Accepting Jesus’ offer

I’m a big fan of NBA basketball. Each summer, teams around the league jostle with each other to recruit the best free agents, luring players with promises of stardom, a winning culture and, most importantly, boatloads of money. Not very similar to Jesus’s recruiting pitch in today’s Gospel, to say the least! “If any want to become my followers, let them deny themselves and take up their cross and follow me.”

The life Jesus offers us is not easy or comfortable. Discipleship doesn’t come with huge salaries and flattering photos of ourselves on billboards. What are we promised instead? Accompaniment during our trials, joy-filled community of faith, immense beauty, love beyond comprehension. You can’t put a price tag on any of those things, and they’re not worth much in a market economy. But in following Jesus together as sisters and brothers, we can glimpse the eternal and find life’s true meaning.

—Mike Jordan Laskey is the Senior Communications Director of the Jesuit Conference in Washington DC and an alum of Contemplative Leaders in Action in Philadelphia.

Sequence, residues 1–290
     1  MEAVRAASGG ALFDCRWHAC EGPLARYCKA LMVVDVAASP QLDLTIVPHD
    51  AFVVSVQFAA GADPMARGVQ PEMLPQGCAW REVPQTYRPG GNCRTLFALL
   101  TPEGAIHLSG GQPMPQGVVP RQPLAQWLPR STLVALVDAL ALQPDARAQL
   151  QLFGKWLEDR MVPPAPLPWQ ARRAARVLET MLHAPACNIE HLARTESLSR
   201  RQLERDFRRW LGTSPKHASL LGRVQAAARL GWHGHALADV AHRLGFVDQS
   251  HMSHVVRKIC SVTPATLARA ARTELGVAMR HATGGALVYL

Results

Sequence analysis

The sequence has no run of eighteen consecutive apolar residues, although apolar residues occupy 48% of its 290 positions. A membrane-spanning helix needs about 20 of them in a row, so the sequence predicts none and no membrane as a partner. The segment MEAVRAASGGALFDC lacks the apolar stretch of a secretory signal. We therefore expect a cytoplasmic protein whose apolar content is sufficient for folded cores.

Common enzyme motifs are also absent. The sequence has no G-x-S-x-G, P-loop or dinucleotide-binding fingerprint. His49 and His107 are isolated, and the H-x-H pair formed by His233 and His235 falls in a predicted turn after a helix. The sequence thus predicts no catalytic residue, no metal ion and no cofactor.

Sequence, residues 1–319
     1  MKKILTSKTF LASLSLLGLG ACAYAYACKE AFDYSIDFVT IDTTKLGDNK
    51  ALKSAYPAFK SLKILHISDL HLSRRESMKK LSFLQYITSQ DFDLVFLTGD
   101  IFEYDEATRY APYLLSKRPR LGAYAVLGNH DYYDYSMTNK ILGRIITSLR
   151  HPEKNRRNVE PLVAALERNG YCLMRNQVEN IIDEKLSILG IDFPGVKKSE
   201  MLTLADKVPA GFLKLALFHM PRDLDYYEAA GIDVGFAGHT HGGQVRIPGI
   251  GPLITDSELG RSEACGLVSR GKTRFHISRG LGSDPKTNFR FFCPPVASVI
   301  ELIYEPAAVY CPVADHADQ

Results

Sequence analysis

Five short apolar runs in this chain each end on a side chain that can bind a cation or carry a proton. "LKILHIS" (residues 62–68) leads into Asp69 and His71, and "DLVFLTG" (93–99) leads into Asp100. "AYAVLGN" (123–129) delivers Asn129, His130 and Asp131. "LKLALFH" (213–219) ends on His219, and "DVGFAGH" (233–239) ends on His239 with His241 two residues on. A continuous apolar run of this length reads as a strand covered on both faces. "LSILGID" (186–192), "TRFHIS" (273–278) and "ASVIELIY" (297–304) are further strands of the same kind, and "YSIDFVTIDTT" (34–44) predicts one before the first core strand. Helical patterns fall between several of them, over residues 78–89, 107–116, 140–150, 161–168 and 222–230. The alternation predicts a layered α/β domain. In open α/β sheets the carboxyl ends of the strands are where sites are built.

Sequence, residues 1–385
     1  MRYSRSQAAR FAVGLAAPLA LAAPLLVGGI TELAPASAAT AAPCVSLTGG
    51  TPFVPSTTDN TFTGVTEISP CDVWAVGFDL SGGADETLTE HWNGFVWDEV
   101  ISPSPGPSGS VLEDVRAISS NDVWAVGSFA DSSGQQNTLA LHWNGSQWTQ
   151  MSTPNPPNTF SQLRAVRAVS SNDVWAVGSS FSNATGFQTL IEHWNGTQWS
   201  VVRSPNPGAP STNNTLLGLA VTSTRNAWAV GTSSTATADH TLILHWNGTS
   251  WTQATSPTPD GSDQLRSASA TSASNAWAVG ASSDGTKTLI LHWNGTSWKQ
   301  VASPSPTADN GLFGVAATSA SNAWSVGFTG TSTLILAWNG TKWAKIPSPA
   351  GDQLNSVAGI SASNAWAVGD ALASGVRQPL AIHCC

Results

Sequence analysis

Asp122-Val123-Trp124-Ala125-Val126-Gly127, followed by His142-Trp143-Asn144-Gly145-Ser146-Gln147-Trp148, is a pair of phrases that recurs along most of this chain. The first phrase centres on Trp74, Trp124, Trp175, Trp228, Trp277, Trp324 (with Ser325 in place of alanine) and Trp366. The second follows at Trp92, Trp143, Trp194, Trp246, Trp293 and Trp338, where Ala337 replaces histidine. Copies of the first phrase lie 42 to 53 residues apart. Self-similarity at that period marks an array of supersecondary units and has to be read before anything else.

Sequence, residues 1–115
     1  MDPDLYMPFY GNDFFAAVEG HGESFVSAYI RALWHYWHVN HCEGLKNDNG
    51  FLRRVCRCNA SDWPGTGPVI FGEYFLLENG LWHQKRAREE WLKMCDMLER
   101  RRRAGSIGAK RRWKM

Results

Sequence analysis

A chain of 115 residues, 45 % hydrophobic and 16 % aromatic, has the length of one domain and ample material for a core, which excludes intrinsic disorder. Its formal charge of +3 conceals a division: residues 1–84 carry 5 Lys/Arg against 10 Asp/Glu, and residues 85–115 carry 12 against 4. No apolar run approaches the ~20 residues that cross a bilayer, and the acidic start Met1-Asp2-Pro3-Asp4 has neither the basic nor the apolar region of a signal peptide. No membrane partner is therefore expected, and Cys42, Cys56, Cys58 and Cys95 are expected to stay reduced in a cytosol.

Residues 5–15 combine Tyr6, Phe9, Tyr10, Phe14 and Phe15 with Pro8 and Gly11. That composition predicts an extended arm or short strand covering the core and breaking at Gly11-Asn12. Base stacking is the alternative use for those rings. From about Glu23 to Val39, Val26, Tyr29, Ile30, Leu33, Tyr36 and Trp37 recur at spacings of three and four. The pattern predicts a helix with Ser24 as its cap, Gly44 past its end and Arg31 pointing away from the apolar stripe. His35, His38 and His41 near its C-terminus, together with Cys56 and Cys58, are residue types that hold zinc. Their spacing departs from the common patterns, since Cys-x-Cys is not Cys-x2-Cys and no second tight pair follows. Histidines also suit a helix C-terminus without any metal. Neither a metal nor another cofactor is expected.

Prayer

“Take up your cross,” the Savior said,
“if you would my disciple be;
take up your cross with willing heart,
and humbly follow after me.”

Take up your cross; let not its weight
fill your weak spirit with alarm;
Christ’s strength shall bear your spirit up
and brace your heart and nerve your arm.

Take up your cross, heed not the shame,
and let your foolish heart be still;
the Lord for you accepted death
upon a cross, on Calv’ry’s hill.

Take up your cross, then, in Christ’s strength,
and calmly ev’ry danger brave:
it guides you to abundant life
and leads to vict’ry o’er the grave.

—Text of  Take Up Your Cross by Charles W. Everest


Please share the Good Word with your friends!